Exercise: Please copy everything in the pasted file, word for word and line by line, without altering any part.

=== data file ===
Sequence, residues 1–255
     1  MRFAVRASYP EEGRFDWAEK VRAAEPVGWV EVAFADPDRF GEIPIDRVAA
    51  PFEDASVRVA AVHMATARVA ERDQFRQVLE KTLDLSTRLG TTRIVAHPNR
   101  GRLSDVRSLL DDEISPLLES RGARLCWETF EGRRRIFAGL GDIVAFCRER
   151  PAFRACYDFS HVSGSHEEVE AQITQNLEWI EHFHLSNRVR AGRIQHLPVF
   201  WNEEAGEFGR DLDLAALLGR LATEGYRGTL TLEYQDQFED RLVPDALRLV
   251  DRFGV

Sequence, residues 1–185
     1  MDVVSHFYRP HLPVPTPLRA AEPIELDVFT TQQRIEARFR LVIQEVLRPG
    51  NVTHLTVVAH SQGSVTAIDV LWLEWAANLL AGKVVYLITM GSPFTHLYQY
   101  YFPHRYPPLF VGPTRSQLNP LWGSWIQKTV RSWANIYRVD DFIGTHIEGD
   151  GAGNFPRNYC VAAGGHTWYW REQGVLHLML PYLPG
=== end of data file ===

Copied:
Sequence, residues 1–255
     1  MRFAVRASYP EEGRFDWAEK VRAAEPVGWV EVAFADPDRF GEIPIDRVAA
    51  PFEDASVRVA AVHMATARVA ERDQFRQVLE KTLDLSTRLG TTRIVAHPNR
   101  GRLSDVRSLL DDEISPLLES RGARLCWETF EGRRRIFAGL GDIVAFCRER
   151  PAFRACYDFS HVSGSHEEVE AQITQNLEWI EHFHLSNRVR AGRIQHLPVF
   201  WNEEAGEFGR DLDLAALLGR LATEGYRGTL TLEYQDQFED RLVPDALRLV
   251  DRFGV

Sequence, residues 1–185
     1  MDVVSHFYRP HLPVPTPLRA AEPIELDVFT TQQRIEARFR LVIQEVLRPG
    51  NVTHLTVVAH SQGSVTAIDV LWLEWAANLL AGKVVYLITM GSPFTHLYQY
   101  YFPHRYPPLF VGPTRSQLNP LWGSWIQKTV RSWANIYRVD DFIGTHIEGD
   151  GAGNFPRNYC VAAGGHTWYW REQGVLHLML PYLPG